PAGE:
Marriottsville-based Bon Secours Health System and Mercy Health of Ohio expect to complete their merger in the fall, officials with both said Monday. Mercy Health President and CEO John M. Starcher Jr. will head the new health system, while Bon Secours board chairman Chris Allen will lead the new board.
The new entity, which will be the fifth-largest Catholic health system in the country, is to be named Bon Secours Mercy Health, officials said. They described it as a merger of equals that will aim to maintain the identities of both partners. Plans are for executives from each to serve in key leadership roles, officials said. Patients should notice little difference as the current names are preserved on signage, uniforms and badges at the facilities each system now operates.
“Our new ministry has an exciting future before it,” Starcher said in a statement. “It is positioned to be more successful than Mercy Health and Bon Secours ever could be as separate entities. We will expand our services and programs, provide greater access in our markets and help to serve more people.”
Mercy Health, based in Cincinnati, operates 23 hospitals in Ohio and Kentucky. It is not affiliated with Mercy Medical Center in Baltimore.
Bon Secours owns or is affiliated with hospitals in Maryland, Florida, Kentucky, New York, South Carolina and Virginia.
The combined 43-hospital system will span seven states and generate $8 billion in operating revenue, officials said.
Officials declined to be interviewed on the merger until it is completed, Bon Secours spokeswoman Terri McNorton said.
Hospitals around the country are joining forces to gain more market share or operate more efficiently, among other reasons. The most recent merger in Maryland brought the Dimensions Healthcare System together with the University of Maryland Medical System last year.
“This is a wave,” said Barak Richman, a professor of law and business at Duke University who follows hospital mergers. “Hospitals keep eating other hospitals up. That is kind of the way it is happening.”
Ben Steffen, executive director of the Maryland Health Care Commission, said mergers can give hospitals more access to capital for new construction and to expand clinical services and technology.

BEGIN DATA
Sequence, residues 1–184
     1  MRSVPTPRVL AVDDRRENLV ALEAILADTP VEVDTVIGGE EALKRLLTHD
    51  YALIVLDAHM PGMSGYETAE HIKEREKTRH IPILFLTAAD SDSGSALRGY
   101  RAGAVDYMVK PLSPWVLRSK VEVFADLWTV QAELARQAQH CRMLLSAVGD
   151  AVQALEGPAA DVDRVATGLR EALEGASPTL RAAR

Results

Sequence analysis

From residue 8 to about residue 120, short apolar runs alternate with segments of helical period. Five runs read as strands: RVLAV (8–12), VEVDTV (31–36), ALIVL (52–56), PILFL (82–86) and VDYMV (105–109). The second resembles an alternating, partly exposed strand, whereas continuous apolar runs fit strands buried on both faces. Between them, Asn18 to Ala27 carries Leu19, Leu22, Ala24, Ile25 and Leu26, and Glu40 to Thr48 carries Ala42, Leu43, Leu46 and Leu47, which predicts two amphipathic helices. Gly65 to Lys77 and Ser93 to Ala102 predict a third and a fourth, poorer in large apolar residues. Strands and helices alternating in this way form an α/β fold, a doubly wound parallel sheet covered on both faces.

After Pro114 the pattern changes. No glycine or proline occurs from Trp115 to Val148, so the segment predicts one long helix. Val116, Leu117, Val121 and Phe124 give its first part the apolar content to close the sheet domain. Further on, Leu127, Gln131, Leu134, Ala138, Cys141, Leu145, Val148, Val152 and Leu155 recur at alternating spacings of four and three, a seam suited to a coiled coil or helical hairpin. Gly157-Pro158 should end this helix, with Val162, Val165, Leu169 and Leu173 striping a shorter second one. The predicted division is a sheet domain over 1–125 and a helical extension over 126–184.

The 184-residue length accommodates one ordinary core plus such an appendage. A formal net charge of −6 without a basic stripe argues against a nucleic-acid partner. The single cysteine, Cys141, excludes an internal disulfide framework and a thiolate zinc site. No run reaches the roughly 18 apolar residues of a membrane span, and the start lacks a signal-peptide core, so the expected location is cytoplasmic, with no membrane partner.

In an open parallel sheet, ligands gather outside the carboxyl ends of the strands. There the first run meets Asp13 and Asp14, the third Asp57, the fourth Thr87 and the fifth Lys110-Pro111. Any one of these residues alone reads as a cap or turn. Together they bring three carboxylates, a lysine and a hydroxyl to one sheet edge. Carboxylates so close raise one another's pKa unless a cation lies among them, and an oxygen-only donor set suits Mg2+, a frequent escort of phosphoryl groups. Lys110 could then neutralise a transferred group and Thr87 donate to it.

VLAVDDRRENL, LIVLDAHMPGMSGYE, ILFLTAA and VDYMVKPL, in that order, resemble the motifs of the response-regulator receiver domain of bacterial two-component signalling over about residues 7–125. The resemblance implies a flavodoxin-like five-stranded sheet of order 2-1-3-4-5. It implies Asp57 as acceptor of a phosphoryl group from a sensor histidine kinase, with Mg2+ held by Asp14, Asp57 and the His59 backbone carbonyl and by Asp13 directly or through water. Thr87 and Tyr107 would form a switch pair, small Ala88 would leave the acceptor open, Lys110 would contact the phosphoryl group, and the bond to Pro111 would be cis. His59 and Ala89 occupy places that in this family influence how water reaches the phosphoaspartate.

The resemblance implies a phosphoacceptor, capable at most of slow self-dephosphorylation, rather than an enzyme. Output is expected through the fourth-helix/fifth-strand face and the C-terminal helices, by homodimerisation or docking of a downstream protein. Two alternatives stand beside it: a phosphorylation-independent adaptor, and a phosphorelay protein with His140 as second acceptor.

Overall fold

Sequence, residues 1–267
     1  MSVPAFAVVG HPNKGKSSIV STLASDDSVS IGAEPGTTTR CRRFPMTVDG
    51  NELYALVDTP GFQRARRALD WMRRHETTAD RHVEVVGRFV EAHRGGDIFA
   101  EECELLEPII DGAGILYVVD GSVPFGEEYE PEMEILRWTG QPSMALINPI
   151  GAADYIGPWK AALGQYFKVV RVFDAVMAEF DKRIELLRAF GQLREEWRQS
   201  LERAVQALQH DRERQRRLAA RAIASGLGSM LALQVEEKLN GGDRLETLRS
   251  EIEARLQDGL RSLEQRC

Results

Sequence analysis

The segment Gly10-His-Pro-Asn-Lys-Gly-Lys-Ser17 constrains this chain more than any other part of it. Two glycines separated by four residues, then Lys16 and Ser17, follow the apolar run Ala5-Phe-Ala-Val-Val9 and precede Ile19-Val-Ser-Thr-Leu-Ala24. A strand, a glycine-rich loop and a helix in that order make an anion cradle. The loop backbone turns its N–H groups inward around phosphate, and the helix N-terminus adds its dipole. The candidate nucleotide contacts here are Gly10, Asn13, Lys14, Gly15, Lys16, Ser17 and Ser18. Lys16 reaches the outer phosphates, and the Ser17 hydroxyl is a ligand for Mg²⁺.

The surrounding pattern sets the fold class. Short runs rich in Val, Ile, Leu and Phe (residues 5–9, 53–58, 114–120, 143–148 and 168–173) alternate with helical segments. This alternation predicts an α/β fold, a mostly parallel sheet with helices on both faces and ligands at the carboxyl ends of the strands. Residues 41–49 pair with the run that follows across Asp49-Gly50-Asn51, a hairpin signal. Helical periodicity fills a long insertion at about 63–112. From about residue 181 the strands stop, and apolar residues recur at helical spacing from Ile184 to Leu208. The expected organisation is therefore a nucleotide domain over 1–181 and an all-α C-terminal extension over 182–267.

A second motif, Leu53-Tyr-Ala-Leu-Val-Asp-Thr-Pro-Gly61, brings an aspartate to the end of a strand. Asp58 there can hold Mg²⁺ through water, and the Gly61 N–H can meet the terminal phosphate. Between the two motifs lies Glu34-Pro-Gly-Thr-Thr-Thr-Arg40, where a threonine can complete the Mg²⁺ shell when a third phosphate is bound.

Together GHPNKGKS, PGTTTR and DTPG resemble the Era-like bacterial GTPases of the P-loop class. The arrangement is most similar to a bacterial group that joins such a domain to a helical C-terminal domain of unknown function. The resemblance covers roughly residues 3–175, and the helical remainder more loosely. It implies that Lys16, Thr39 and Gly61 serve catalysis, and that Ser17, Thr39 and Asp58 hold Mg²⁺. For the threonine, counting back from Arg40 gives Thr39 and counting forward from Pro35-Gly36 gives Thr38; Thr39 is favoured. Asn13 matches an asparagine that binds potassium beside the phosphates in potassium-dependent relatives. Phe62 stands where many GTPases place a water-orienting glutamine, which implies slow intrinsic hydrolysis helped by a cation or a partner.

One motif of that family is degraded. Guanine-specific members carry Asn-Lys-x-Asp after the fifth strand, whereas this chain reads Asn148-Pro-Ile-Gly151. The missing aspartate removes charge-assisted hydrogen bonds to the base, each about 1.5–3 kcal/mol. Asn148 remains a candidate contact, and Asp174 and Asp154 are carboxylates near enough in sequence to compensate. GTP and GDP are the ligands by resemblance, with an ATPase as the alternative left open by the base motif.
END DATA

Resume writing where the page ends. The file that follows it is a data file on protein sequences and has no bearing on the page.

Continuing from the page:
They can also bring together a hospital engaged with academic medicine, innovative research, and clinical trials with a partner that allows it to expand its patient referral system.
As Maryland’s hospital reimbursement model has moved from counting admissions to capping costs, hospitals are looking for ways to generate revenue and cut expenses. Under the new model, hospitals are required to operate within a budget assigned by state regulators.
Bon Secours and Mercy Health officials said combining the two hospitals will allow them to leverage economies of scale by sharing resources and staff. It will also help them deepen their commitment to communities, they said. Both hospitals follow the Catholic tradition of serving the poor and disadvantaged.
The Bon Secours campus in West Baltimore, which serves a population with high levels of chronic conditions, is known for its programs that address health disparities. It runs a community outreach and social services arm that addresses issues such as unemployment, housing and food insecurity that impact health.
“We will be able to do even more for people who are poor, dying or underserved,” Starcher said.
Cory Capps, an economist with Bates White Economic Consulting who studies health care antitrust issues, says the merger is unlikely to raise antitrust concerns because the hospitals are in different states.
The Federal Trade Commission reviews hospital mergers. With no overlap between the communities the hospitals currently serve, Capps expected a quick review.
Hospital officials announced plans to merge in February. They would not say where the new health system would be headquartered.
In addition to joining hospitals, the merger will bring together 50 home health agencies, hospice agencies, skilled nursing and assisted-living facilities. The system will employ 57,000 associates and more than 2,100 doctors and other advanced clinicians. It will handle more than 10 million patient encounters a year.
It has not yet been announced what changes, if any, would come to the Bon Secours hospital in West Baltimore, including whether its CEO, Dr. Samuel Ross, would remain on board.
Bon Secours president and CEO Rich J. Statuto will step into an advisory role with a focus on strategic growth and innovation. He will then retire after 13 years of heading Bon Secours.
“I have committed to helping over the course of the next year to ensure a robust start for Bon Secours Mercy Health as we bring together two incredibly strong organizations,” Statuto said in a statement.